Researchers defend testing water study on humans

The Associated Press
Wednesday November 29, 2000

LOMA LINDA — The risk a study of a toxic water pollutant poses to its human participants is outweighed by its potential benefit to the general public, doctors conducting the research said Tuesday. 

The Loma Linda University Medical Center researchers held a news conference to respond to media reports raising concerns over the ethics of the study, in which people are being given doses of perchlorate, a chemical used in rocket fuels that has contaminated ground water in parts of Southern California. 

The hospital’s institutional review board, which has oversight of clinical trials, concluded that trial participants would face minimal risk. Researchers said the doses of perchlorate being given in the study are about 100 times lower than those given to people who are prescribed perchlorate for thyroid illnesses. 

Dr. Anthony Firek, the study’s principal investigator, said the dosages given in the study are lower than those given in a study published earlier this year by Harvard University. Nine men received 10 milligrams of perchlorate daily in that study. 

But the daily doses in the Loma Linda study are still up to 83 times higher than drinking-water limits for perchlorate recommended by California’s Department of Health Services. That recommendation – 18 parts per billion – is not enforceable. 

The study has been paid for by Lockheed Martin. Hundreds of lawsuits accuse the aerospace company of creating perchlorate pollution and threatening the health of residents in San Bernardino and Riverside counties. Company officials have said the study will help determine the health risk of perchlorate. 

Researchers said the sponsorship poses no conflict of interest because Lockheed Martin had no influence on the study’s protocol, and because the hospital’s review board will make certain the data will not be misused. 

Barry Taylor, Loma Linda’s vice president for research affairs, said university officials discussed the company’s possible motivations. “But on the other hand,” he said, “people on the committee recognized that they could see medical use coming out of this and they decided to proceed with what they saw as a protocol that would help them medically.”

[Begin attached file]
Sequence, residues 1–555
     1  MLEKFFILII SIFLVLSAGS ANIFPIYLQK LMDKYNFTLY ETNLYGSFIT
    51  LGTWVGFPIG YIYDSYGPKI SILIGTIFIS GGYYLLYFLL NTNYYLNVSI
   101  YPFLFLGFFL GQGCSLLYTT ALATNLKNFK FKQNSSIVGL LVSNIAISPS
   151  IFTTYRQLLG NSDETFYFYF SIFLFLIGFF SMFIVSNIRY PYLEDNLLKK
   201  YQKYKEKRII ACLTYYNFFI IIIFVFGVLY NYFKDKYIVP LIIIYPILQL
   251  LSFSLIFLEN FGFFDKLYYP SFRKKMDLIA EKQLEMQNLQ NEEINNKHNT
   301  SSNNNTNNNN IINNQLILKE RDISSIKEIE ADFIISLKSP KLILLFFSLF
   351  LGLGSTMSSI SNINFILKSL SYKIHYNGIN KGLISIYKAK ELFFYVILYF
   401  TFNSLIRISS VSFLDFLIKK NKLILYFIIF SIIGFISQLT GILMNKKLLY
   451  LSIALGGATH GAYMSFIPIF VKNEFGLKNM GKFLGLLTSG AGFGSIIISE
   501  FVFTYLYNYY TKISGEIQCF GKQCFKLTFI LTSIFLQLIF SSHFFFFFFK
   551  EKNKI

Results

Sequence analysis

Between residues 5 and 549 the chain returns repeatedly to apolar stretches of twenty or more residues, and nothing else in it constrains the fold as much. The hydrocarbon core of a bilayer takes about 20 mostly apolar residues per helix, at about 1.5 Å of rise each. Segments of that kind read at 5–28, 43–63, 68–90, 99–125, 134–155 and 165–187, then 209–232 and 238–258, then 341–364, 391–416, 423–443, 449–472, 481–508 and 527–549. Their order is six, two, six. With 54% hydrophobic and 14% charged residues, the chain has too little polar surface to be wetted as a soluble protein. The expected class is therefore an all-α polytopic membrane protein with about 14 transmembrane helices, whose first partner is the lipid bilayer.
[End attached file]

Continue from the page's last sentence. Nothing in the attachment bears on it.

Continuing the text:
The idea for the study came from medical researchers, not Lockheed, and the project has been approved by Loma Linda, Boston University and Jerry L. Pettis Memorial Veterans Administration Medical Center, researchers said. 

“I feel extremely comfortable with the trial. Lockheed provides sponsorship and that’s basically it,” Firek said. 

Firek said the study is being conducted to determine how best to diagnose and treat any illnesses that might arise from perchlorate in drinking water. 

Perchlorate has been used as a rocket-fuel oxidizer since the 1940s, and is thought to have contaminated water supplies in parts of Riverside and San Bernardino counties, as well as the San Gabriel Valley east of Los Angeles. 

In large doses, it can slow down the thyroid, which produces the hormone that controls infants’ brain development and growth in older children. 

In adults, the thyroid regulates a host of body activities, including temperature and blood cholesterol. Some people with thyroid illnesses are prescribed perchlorate to help treat their conditions. 

Firek indicated that doctors treating such patients are seeing some problems they think could be related to perchlorate. A clinical trial is the only way to determine whether that is the case, he said. 

The Loma Linda research is giving participants doses ranging from a half-milligram to three milligrams. Half of the participants get placebos. Medical ethicists have questioned the study because unlike many other clinical trials, the findings cannot help the humans taking part, but could harm them. 

Dr. William Saukel, chairman of Loma Linda’s institutional review board, said although there is no benefit to individual participants, the study likely will produce information beneficial to the population as a whole. 

Only eight people have so far enrolled in the study, which began in early October. Researchers hope to eventually enroll 100 people who each will be paid $1,000 for seven months of participation. 

Researchers tried to fend off allegations that participants are largely poor people, saying they are required to have health insurance and a primary care physician, and that all of the participants so far are either working or have a spouse who is working. 

They added that the university did not advertise the perchlorate study or its payoff. People who respond to general ads for Loma Linda clinical trials can choose the perchlorate study from a list of projects. 

Participants are informed of the risks of the research, which include bone marrow suppression, lessening of white and red blood cell counts and thyroid problems. 

Loma Linda is conducting the study in conjunction with the VA hospital, but no veterans are among the participants.